Lost Medicaid health coverage? Here’s what you need to know
Samantha Liss, KFF Health News, Aug. 10
The nation’s health insurance system is undergoing tremendous upheaval as an estimated 8.2 million people will need to find new coverage since pandemic protections for Medicaid enrollees came to an end this spring. That’s leaving many patients confused about how to get new medical insurance. Experts say it’s important that those losing Medicaid know that other coverage is available (often with deep discounts), that their children could still be eligible for Medicaid, and to be wary of people charging them for assistance.
Yale doctor: Body cameras could address medical racism concerns
Brian Zahn, New Haven Register, Aug. 12
Dr. Amanda Calhoun, a child psychiatry fellow at Yale Child Study Center at the Yale School of Medicine, said she was thinking about the effects of medical racism on patient outcomes when an idea popped into her head: what if medical professionals wore body cameras to provide documentation and create accountability? Calhoun proposed the idea in an opinion piece in The Emancipator. Calhoun said feedback from stakeholders would be required before implementing the concept, and suggested an opt-in pilot at a hospital.
How heat makes health inequity worse, hitting people with risks like diabetes harder
Yuki Noguchi, NPR, Aug. 10
Record heat scorching the country is especially dangerous for the many people with common conditions such as diabetes, obesity, and heart disease. Many vulnerable communities face greater exposure to heat, fewer resources to address it or escape it, and higher rates of the diseases that make heat more dangerous for people. “Like most public health issues in the United States, extreme heat is also a health equity issue,” said Dr. Sameed Khatana, a cardiologist at the University of Pennsylvania and the Veterans Affairs hospital in Philadelphia.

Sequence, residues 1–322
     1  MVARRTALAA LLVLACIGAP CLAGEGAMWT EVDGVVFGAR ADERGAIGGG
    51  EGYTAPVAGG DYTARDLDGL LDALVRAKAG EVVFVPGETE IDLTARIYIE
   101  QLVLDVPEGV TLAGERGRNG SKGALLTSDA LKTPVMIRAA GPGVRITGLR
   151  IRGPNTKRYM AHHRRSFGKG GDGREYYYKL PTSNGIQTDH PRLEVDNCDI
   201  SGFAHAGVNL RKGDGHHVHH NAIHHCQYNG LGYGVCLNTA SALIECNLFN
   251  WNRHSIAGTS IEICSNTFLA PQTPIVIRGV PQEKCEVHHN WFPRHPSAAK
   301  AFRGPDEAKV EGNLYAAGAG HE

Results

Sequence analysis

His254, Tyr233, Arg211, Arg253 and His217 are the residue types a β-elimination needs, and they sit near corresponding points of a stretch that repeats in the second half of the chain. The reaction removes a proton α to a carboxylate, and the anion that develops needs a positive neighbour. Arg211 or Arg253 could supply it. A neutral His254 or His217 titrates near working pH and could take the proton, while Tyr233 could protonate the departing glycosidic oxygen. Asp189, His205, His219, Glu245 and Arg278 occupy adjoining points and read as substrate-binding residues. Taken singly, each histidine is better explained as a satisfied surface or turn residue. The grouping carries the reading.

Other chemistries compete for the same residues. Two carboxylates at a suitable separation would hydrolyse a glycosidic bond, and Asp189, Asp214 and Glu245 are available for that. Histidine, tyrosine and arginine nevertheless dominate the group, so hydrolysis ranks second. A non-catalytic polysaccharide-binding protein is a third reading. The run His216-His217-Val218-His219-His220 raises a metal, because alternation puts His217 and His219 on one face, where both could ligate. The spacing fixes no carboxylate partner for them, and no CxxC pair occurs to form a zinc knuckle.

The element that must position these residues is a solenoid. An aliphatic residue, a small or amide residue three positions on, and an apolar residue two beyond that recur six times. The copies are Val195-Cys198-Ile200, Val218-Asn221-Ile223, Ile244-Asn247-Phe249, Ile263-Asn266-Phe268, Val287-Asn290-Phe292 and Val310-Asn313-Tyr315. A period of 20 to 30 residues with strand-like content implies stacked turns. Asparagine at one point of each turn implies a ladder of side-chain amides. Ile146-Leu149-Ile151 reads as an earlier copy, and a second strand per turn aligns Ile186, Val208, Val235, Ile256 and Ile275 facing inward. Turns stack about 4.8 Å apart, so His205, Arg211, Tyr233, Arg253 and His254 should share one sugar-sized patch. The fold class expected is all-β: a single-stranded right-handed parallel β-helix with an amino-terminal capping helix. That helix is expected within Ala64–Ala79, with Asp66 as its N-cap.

Patient advocates warn FDA proposal on salt intake could do fatal harm to people with kidney disease
Nicholas Florko, STAT, Aug. 15
Patient advocates say a proposal from the Food and Drug Administration meant to reduce salt intake could inadvertently kill those with kidney disease, particularly Black Americans. Critics say it could lead to unnecessary deaths by increasing the use of the salt substitute potassium chloride. Patients with chronic kidney disease can’t properly excrete potassium from their bodies and excess potassium levels in the blood can lead to cardiac arrhythmias and sudden heart failure. The American Association of Kidney Patients, the Academy of Nutrition and Dietetics, and the National Kidney Foundation warned that the proposal could particularly impact Black Americans, who have higher rates of kidney disease.
Latino kids in states with more anti-immigrant laws are in poorer health, study finds
Edwin Flores, NBC News, Aug. 15
Latino children living in states with more anti-immigrant laws and policies — and the resulting inequities in access — had higher odds of chronic physical or mental health conditions, according to a study published in the medical journal Pediatrics. Researchers used multiple data sources and ranked states based on policies toward immigrants in areas including health services, employment, discrimination prohibition, and access to rental housing. The research also included information from a national study about attitudes toward immigrants and Latinos.